But to that 80% of the population, none of this is possible. They go through life dealing with things which are skin deep. A refrigerator is something that makes ice and keeps milk cold, not something that utilizes Avogadro's principle and the laws of thermodynamics. (Therefore I understand why it won't work when its door is open.) A cell phone is something with buttons that lets you talk to someone at a distance, not a device based on an ASIC which utilizes a radio link to communicate to an array of fixed radio transmitters. (Therefore I understand why my cellphone won't work in a subway.) Everything in their life is a miracle -- things that work most of the time, but the 80% don't have the slightest idea why, and which sometimes fail for no obvious reason.

While these people are grateful for all the miracles in their lives, they are also resentful. There are nameless, faceless people out there doing stuff which can't be understood which is going to change my life in ways I can't predict, and I have no way to alter this. We're all along for the ride in a bus careening out of control at high speed because it's being driven by a mad man. Or so it seems to the 80%.

And so the backlash and the retreat to pseudoscience. The advantage of pseudoscience is that it's easy. If someone says "Minds can talk to each other" that's straightforward and doesn't require huge knowledge to understand, and indeed that's the primary attraction. Deep down there may be a suspicion that it isn't correct -- but the only alternative is to surrender to the careening bus. These alternatives might be right or might not be, but by adopting them I regain at least the possibility of control over my life. When I'm sick I can go to a doctor and let him prescribe for me something with a weird name that I've never heard of, or I can go to the store and buy Vitamin C and scentless garlic and gingko and take them for myself -- and be in control of my own fate. Again, that was speaking in the voice of the 80%. I, myself, also understand enough about biology that I can research drugs and understand their descriptions. I'm not powerless with doctors and I'll argue with them about treatment if I think they're wrong, and even when I don't argue I always asks what a prescription is intended to perform and how. It's interesting the reactions I get about this; some will take it right in stride while others resent it. I've even had a few which encourage it.

In particular, the one thing someone never wants to hear is "Something bad is going to happen to you and there's absolutely nothing which can be done about it." You've got HIV; you're going to die slowly and painfully within 10 years. You have cancer; it's spread; it can't be controlled and you're going to be dead in 9 months. You've got the gene for Huntington's disease and your brain is going to self destruct before you're sixty. You're heading down the big hill on the roller coaster and the track is out at the bottom and there's no brakes -- MAKE IT STOP!!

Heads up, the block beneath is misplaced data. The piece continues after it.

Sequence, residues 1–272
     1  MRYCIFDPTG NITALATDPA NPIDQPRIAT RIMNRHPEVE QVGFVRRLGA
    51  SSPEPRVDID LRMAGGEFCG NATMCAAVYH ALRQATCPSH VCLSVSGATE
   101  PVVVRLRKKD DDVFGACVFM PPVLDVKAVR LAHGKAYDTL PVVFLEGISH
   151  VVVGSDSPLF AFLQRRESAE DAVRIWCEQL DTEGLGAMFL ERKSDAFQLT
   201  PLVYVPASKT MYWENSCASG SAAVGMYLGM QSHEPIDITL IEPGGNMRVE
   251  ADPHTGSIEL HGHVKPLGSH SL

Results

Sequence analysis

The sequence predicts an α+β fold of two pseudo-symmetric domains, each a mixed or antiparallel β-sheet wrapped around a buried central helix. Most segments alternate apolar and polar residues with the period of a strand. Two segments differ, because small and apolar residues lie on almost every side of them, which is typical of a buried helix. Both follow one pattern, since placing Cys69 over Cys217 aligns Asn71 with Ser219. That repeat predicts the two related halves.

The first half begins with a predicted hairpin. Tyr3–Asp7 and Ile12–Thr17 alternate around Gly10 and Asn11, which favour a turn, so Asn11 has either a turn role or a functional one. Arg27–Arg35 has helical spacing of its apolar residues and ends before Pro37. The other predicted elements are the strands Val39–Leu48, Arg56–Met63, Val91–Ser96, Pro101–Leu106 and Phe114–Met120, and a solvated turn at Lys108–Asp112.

So someone comes along and says "You're not doomed. Give me money and I'll sell you something which will straighten you right out -- and oh, by the way, doctors don't know everything." That's just what someone in the 80% wants to hear: no, your situation is not hopeless, you still can control your fate.

People will embrace and believe such an explanation because the alternatives are completely unacceptable. This must be true because I refuse to accept that I'm going to die in a horrible fashion.

There's a technical name for this: appeal to consequences. It says that a statement can't be true because if it is the ramifications would be horrible. But that's not a valid judgement.

The biggest unsolved problem of the industrial revolution is that it made the majority powerless. That, in itself, isn't new; throughout history most people have been powerless. But the industrial revolution dangled the illusion of power in front of the broad populace and it's becoming evident that it was an empty promise. The populace has power, but without knowledge power is useless and they've discovered that they simply don't know enough to wield that power. Instead of a lot of people travelling the technological road on horseback or by foot, we now travel it in cars. It's faster and more comfortable, but only one person in five gets to drive.

Can anything be done about this? I don't think so, at least to fully solve the problem. The only possible way to fix this is to try to bring that 80% into the intellectual middle-class.

Unfortunately, the problem with that is that it's too late for most people. It takes literal decades to build the essential base of knowledge needed to understand many of these issues; you have to start as a child. It's still possible to pick up the knowledge as an adult but it requires a massive investment, one most people cannot or are unwilling to make.

Those of us in the 20% who do know what's going on have an obligation to try, however. And for the first time we have a tool: the web. If there's something you know a lot about, write about it and put it on a web page. I can't write an encyclopedia but I can describe certain aspects of CDMA-based cell phones. If you know about something, write about it and place it somewhere so that it can be accessed easily. There are millions of people who do know how some things work; if we share our knowledge it will go a long way to helping this.

But ultimately this isn't enough. We can't -- and indeed shouldn't -- make everyone into a scientist or engineer. Pseudoscience and irrationality will always be with us.